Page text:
Getting most out of painting from life
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Thread: Getting most out of painting from life

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    Getting most out of painting from life

    So recently I've been getting into studying colors from life and from photographs but I'm wondering while I'm doing these studies what should I really look for and focus on to really help me improve? Just plainly matching colors is probably not an effective way of learning color and light from life.

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    Black Spot is online now Pew, Pew, Pew Level 17 Gladiator: Spartacus' Dimachaeri
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    Why not?


    I didn't think it was possible to be called an artist when you have nothing to say. It's like being a writer who publishes individual words as books and expects to be praised for it.
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    I guess the statement "matching colors" is too vague. But what I was trying to get at is that just mindlessly copying or painting while doing the studies would be a bit of a waste... or is it. Because then little knowledge about color and light which you can apply to other scenes would be learnt.

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    Yes, trying to copy anything mindlessly won't work in the end.

    James Gurney's "Color and Light" should have more than enough info on what to do about its subject. I recommend you get a copy.

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    Trying to accurately translate color working from life is a useful exercise. Especially outside, given you really can't do it within the limitations of paint and you will quickly find you need to key your painting to some aspect of color and value to get the appearance of an accurate statement for the whole. Try to focus on painting the differences you see between colors and values in light and shadow as opposed to trying to copy them. Another way of looking at it is you're trying to paint the atmosphere of the whole scene outdoors so the viewer feels the day and place.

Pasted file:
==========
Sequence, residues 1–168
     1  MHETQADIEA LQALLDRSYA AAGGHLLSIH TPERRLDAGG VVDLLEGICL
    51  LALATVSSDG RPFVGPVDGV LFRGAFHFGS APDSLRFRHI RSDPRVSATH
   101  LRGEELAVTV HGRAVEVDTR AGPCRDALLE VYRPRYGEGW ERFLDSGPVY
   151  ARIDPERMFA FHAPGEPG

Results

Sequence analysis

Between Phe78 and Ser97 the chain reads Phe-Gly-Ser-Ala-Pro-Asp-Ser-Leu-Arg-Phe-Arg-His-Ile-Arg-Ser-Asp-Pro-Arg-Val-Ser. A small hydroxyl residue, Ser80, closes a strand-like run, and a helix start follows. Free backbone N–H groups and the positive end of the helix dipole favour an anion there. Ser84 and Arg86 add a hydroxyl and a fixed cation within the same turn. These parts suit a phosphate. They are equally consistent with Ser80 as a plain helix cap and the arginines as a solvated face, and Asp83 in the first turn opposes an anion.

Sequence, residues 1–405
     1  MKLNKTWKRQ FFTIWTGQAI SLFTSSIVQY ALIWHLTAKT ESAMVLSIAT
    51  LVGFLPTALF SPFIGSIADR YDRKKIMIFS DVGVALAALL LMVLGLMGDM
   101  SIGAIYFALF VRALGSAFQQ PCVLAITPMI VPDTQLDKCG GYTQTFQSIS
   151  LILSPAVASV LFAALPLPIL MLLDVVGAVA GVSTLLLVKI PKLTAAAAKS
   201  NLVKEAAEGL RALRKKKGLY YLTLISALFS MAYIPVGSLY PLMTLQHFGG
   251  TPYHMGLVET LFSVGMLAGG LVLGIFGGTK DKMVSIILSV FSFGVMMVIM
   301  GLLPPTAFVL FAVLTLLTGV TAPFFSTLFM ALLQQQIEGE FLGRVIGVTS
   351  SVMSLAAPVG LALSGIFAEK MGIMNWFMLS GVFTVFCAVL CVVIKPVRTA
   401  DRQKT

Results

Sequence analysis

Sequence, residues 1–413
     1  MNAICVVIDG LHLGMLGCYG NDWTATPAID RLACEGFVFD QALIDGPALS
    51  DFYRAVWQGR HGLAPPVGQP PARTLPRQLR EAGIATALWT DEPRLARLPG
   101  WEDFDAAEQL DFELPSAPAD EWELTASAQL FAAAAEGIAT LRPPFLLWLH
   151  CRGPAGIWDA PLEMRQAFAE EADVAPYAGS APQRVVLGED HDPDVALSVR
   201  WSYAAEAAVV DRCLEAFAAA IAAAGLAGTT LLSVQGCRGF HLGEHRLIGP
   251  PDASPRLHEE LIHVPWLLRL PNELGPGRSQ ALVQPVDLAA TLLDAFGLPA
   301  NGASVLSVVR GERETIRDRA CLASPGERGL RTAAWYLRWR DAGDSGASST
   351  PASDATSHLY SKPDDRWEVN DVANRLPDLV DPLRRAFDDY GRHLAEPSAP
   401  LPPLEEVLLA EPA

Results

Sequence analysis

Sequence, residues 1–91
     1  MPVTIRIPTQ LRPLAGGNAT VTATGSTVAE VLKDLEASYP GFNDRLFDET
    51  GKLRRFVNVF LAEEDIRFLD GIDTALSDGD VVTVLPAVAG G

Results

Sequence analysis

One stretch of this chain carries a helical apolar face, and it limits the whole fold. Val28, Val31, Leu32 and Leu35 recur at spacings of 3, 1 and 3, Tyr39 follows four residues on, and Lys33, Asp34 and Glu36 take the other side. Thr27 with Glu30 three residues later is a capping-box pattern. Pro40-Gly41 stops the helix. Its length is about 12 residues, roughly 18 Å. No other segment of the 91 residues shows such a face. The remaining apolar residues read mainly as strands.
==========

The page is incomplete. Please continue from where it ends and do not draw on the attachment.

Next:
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    Observing and trying to accurately paint color, particularly in natural light, is an excellent place to start. This is a different thing from "copying" the subject and all that nonsense. It is about a dialog with nature, light and color...how you see it, how you mix it and how you respond. It usually takes a few years of solid effort and study and a few hundred paintings before you start to feel comfortable with color...and that is just the beginning. The solid effort means painting from life and the study means from books on color and light as well as personal viewing of art in museums and galleries. Nature is by far your best teacher so go outside and paint!